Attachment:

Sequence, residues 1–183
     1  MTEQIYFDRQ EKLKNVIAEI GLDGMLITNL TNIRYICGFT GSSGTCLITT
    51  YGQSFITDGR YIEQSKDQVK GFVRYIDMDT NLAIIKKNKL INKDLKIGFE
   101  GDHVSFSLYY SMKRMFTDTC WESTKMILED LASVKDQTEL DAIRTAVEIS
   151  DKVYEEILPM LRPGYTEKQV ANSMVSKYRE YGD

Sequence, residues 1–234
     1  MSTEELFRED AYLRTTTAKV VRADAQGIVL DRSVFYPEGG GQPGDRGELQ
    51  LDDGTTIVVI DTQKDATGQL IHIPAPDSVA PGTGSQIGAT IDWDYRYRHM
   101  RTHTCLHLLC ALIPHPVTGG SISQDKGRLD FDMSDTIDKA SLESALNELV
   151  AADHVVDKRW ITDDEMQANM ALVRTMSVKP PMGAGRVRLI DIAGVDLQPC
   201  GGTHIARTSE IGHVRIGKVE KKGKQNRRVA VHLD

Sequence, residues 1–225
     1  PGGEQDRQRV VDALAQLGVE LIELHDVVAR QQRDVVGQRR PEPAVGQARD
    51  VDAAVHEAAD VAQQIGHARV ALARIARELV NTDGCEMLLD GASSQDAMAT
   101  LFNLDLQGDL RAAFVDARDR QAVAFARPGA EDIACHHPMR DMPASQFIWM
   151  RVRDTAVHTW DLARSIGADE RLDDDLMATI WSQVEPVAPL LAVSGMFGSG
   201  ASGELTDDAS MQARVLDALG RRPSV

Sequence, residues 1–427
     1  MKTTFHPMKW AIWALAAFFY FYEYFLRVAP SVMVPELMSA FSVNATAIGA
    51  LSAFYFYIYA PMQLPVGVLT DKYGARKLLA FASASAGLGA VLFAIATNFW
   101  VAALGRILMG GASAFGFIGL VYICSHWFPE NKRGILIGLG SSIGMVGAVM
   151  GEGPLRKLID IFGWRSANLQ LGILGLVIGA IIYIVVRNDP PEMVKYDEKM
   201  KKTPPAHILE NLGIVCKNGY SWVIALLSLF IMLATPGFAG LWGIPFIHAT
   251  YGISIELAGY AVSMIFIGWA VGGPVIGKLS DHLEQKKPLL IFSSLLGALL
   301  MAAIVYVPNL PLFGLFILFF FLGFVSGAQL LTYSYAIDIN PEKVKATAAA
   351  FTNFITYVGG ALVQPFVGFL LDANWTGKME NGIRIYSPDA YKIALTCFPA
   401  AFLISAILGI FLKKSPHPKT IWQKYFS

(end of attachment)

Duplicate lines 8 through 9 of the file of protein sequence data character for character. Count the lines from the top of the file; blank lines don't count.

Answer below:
    51  LDDGTTIVVI DTQKDATGQL IHIPAPDSVA PGTGSQIGAT IDWDYRYRHM
   101  RTHTCLHLLC ALIPHPVTGG SISQDKGRLD FDMSDTIDKA SLESALNELV